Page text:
HTTP Contact

With this approach, a remote application first creates a subscription by issuing an HTTP(S) POST message to a specific URL.

The subscription sent by a remote application specifies the subscription target. This target is typically a subscriber hosted in BroadWorks.

The subscription also specifies an HTTP contact and an event package. The contact represents the HTTP callback, which is a location at which Xsi-Events can send back notifications. The event package corresponds to various types of notifications that are asynchronously sent by BroadWorks back to the subscribing client or application.

When successful, Xsi-Events respond to the HTTP POST with an HTTP 200 OK.

After sending this response, BroadWorks sends an event that allows the remote application to know the initial state of the target. Note that if the subscription target is a collection of subscriber (for example, a group), then no such event is sent.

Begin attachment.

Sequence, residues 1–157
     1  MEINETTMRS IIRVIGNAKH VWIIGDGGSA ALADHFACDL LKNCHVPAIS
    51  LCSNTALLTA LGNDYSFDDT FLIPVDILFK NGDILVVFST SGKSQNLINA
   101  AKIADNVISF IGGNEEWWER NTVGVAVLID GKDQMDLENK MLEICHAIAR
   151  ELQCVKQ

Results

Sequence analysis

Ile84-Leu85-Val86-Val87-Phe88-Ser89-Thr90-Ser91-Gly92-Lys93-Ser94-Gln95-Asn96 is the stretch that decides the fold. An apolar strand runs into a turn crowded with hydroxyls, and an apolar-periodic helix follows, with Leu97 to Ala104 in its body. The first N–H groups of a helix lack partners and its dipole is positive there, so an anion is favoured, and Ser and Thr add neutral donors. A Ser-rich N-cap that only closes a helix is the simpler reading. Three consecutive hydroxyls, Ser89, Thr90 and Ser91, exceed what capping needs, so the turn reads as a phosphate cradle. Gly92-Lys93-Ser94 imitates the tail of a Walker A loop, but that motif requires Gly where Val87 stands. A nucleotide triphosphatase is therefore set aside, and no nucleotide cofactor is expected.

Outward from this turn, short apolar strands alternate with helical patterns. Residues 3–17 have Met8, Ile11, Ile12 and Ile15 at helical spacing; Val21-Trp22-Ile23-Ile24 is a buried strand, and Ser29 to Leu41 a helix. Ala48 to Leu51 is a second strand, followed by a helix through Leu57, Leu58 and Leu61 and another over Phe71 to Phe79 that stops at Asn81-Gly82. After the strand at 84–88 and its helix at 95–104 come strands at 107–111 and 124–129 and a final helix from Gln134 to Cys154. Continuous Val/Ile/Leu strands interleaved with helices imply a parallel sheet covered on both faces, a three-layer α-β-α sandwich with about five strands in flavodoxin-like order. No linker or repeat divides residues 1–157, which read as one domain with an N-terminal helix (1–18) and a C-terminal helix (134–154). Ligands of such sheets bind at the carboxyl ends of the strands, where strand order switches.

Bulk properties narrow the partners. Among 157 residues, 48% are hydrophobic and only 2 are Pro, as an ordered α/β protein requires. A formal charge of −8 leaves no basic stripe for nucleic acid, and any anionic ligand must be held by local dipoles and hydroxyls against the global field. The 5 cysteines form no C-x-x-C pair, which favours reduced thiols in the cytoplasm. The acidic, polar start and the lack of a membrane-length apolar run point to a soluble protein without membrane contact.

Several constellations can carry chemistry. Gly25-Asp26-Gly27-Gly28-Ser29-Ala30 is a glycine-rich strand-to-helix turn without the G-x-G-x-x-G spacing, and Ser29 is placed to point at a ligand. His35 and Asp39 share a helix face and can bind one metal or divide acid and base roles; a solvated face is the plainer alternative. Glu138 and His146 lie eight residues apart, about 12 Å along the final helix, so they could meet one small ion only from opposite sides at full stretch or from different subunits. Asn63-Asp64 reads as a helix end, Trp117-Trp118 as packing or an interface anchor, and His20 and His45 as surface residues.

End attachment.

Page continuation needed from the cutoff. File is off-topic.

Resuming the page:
Then at various points in the life of a subscription, Xsi-Events send events to the remote client application.

Notifications are HTTP(S) POST methods issued by BroadWorks on the contact URL identified in a subscription. A client application is expected to respond to this POST with a 200 OK.

***** Where are my events?

For a POST to be transmitted from our servers to yours, we have to add your IP Address/Domain Name to our ACL (access control list).

Both & (ect.) XSP servers must be allowed.

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